Wastewater Contaminant Removal Podcasts

  1. Capacitive Deionization Takes Off

    Capacitive deionization (CDI), sometimes called electrochemical demineralization, is referred to as Radial Deionization (RDI) by Atlantis Technologies, which has developed a proprietary form of the process. If you haven't heard of it by any name, or would like to know more about its considerable treatment capabilities, tune into this interview with Patrick Curran,

  2. The Expanding Role Of Ozone

    As water reuse becomes increasingly common, more utilities will get to know ozone. To explain its role in water treatment schemes, Water Talk welcomed Jim Lauria, Vice President of Sales and Marketing at Mazzei Injector Company, and Ben Kuhnel, Senior Project Manager for Arcadis. Learn how ozone works in concert with other processes to safely recycle water and treat contaminants of emerging concern — even in mobile/on-site applications.

  3. A Fresh Look At Membrane Bioreactors

    Membrane bioreactors (MBRs) are not new, but they are the subject of renewed interest among utilities, and for Carollo Engineers Vice President Andrew Gilmore. He sat down with Water Talk's Todd Schnick and Kevin Westerling to discuss the MBR renaissance and the reason for their rise in popularity.

  4. Ozonia M and FiltraFast Provide New Options For Treatment Facilities

    If you don’t need the performance of an ultrafiltration membrane but also want to avoid the large footprint of a conventional media filter, you might want to consider FiltraFast extreme rate compressible media filters. As Ryan Hess, Director of Advanced Separation with SUEZ Water Technologies suggests in this Water Talk interview, “They provide roughly ten times the hydraulic loading rate of conventional media filters.”

  5. Getting Chlorine Disinfection Right

    Of all the process considerations facing wastewater treatment operators, disinfection is one of the most important. In this exclusive Water Talk interview, Gary Lohse, Technical Sales Manager, Disinfection with De Nora Water Technologies, discusses how disinfection has become increasingly complex over time. Lohse reviews a host of selection criteria including target microorganisms, control strategies, disinfection by-products, capex and safety.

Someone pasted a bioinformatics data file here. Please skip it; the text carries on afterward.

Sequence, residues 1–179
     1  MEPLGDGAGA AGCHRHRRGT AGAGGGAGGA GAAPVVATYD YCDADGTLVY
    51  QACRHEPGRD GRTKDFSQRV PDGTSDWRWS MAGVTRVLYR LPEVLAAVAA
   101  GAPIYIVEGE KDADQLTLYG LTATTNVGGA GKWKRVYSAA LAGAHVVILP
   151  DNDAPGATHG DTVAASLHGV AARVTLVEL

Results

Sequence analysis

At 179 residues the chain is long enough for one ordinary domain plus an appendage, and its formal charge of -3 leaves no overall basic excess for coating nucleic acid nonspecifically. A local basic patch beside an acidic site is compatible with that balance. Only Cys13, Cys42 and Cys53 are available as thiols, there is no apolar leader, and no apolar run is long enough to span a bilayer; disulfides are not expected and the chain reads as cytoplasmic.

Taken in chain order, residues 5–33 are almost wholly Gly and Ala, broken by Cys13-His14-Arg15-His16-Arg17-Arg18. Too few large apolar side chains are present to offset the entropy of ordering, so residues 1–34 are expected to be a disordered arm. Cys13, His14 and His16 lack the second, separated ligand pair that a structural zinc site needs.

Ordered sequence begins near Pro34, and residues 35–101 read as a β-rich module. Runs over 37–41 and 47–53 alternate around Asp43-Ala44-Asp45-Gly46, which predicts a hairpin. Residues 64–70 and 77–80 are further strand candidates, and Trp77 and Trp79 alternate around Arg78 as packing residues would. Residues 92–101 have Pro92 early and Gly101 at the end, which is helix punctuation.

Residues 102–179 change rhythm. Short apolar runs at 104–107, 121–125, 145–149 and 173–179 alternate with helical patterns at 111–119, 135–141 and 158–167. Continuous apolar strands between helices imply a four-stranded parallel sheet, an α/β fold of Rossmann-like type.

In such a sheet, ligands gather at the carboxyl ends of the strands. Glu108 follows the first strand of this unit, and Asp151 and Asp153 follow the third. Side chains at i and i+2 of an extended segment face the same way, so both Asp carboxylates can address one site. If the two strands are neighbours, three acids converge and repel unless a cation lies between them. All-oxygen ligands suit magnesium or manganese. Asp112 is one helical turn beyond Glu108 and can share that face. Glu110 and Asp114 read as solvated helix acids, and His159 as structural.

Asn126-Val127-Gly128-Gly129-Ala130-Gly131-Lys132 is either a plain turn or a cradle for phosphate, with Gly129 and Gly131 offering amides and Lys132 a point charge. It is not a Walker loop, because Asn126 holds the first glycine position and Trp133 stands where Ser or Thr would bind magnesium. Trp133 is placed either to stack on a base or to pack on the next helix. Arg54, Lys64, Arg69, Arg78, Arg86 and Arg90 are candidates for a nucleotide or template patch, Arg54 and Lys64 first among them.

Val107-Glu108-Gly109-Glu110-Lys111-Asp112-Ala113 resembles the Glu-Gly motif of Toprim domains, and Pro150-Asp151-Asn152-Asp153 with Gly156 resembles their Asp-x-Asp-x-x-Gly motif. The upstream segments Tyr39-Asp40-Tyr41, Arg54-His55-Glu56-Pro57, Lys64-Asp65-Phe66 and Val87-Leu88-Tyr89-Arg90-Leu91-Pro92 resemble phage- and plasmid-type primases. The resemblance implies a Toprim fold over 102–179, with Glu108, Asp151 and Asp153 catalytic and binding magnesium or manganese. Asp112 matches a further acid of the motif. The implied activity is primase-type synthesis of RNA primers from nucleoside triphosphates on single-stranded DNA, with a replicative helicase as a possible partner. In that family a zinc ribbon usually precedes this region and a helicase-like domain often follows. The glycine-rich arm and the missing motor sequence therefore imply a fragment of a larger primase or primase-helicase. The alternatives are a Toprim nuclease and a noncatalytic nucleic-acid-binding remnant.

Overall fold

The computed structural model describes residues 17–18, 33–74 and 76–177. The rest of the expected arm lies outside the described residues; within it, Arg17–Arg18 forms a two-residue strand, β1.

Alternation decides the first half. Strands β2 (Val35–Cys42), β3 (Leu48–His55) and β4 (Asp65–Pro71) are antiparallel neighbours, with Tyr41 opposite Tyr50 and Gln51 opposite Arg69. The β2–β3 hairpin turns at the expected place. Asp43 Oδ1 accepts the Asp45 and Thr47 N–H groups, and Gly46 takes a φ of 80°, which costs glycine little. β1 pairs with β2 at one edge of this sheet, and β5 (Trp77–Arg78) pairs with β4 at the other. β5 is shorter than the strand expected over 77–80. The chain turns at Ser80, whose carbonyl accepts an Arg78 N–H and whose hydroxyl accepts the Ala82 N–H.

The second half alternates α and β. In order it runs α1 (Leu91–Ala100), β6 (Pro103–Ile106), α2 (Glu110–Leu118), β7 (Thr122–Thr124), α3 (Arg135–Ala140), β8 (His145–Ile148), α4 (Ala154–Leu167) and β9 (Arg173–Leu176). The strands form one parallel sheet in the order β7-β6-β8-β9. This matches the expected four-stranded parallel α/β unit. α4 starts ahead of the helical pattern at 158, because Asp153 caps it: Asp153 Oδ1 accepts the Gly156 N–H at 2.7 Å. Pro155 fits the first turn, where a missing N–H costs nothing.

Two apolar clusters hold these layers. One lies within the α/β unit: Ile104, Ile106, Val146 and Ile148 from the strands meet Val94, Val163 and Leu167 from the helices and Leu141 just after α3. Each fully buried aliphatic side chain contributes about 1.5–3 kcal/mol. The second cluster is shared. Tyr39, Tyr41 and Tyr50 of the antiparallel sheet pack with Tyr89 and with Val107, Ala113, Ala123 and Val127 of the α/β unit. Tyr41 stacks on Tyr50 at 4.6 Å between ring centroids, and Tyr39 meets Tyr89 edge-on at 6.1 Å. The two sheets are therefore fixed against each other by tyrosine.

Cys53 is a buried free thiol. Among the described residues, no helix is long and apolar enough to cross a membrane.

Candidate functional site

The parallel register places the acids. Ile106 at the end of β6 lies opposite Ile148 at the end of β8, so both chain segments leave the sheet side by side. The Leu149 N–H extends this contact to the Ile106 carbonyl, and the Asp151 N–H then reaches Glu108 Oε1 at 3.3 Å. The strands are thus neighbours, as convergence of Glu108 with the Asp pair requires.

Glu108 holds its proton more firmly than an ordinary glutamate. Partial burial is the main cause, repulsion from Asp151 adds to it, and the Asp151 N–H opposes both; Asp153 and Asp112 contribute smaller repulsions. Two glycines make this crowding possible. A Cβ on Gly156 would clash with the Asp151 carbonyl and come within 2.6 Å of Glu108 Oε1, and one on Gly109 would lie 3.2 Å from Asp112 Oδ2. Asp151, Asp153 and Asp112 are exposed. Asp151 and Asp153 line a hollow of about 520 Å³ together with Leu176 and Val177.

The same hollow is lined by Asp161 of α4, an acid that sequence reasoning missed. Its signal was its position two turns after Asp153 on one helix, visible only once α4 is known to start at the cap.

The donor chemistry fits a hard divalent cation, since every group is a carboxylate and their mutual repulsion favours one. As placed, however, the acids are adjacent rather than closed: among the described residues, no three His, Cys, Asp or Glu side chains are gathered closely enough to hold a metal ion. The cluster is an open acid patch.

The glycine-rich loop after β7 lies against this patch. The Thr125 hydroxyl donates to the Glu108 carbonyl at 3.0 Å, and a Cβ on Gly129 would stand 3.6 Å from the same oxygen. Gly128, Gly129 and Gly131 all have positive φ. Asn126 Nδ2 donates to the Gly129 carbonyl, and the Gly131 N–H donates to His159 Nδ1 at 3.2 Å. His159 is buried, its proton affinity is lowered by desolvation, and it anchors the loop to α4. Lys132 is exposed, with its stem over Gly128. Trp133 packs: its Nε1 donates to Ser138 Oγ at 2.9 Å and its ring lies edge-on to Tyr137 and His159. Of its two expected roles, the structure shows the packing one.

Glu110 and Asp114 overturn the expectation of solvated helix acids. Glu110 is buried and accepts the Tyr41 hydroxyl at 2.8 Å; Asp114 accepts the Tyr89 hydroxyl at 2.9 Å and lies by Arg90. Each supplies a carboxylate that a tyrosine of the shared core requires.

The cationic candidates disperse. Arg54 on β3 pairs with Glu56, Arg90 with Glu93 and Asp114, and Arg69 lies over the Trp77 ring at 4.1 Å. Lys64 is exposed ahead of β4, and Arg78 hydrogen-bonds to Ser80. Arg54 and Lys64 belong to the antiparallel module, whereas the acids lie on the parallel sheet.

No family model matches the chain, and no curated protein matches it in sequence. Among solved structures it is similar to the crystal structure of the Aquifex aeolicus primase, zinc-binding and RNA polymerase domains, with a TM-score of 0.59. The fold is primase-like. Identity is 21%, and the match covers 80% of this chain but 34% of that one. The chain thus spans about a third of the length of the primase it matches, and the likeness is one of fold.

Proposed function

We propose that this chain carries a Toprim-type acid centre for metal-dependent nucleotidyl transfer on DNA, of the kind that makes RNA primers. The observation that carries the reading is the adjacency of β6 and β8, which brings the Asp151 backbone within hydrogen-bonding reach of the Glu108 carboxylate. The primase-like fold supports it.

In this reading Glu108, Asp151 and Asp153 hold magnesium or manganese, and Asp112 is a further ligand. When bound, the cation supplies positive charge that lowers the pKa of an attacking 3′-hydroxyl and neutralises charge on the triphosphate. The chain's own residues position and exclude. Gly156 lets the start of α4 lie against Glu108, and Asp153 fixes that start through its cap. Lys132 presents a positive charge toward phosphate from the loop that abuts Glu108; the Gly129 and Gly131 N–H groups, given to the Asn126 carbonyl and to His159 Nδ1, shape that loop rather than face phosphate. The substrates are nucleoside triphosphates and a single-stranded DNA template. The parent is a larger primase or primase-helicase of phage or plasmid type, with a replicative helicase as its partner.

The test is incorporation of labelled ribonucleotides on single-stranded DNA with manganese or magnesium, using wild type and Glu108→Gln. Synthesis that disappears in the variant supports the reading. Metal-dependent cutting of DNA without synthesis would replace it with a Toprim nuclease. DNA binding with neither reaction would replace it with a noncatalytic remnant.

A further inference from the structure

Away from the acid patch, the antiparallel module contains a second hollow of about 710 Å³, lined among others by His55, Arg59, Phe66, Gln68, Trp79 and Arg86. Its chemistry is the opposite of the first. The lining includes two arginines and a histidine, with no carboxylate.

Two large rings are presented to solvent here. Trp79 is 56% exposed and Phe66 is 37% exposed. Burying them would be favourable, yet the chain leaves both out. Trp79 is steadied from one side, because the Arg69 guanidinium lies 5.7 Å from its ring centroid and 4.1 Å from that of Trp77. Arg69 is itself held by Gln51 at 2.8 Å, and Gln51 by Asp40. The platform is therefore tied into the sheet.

6. Drumming Up Chemical Injection

    The operating ranges for chemical injection need to be large because of the variability of flow in many treatment operations. As Bill McDowell, Vice President of Operations with Blue White Industries explains in this Water Talk interview, “You might be down to as low as 5 or 10 milliliters a minute and then one hour later; you might need to pump 15 gallons a minute out of the same pump and through the same sensor.”

  7. Decentralization Grows With Worldwide Property Development Expansion

    One of the trends in water and wastewater treatment over the past decade has been a growing demand for decentralized systems. Water Talk recently caught up with Nii Mensah, General Manager of Fluence USA, to learn more about the solutions that the new company (formed by the merger of RWL Water and Emefcy) is bringing to market to address communities’ treatment needs

  8. Converting Wastewater Treatment Facilities Into Botanical Gardens

    Municipal wastewater treatment has traditionally taken place as far away from the populace as possible. But as people flock to cities and encroach ever closer on these facilities, the practice of extending ever further out becomes impractical and expensive. And as water becomes scarcer, cities the world over are looking at recycling wastewater from their citizenry closer to home.

  9. Peracetic Acid (PAA) Disinfection Is Up For The Challenge

    The primary consideration for evaluating disinfection alternatives has to be permit compliance. But as Sarah Stewart, Associate and Senior Project Manager with CDM Smith explains in this Water Talk interview, contact time, high color, nitrates, industrial loads and many other factors all play a role in selecting the most practical and cost effect disinfection solution for your facility.

  10. Different Wastewaters Require Different Decentralized Solutions

    When we think decentralization, we often think of smaller and smaller systems, supporting a single-family home or business. So it was interesting to sit down with Bob Rebori, President of Bio-Microbics recently and learn that the Company is being asked to build larger decentralized systems to support a variety of commercial applications.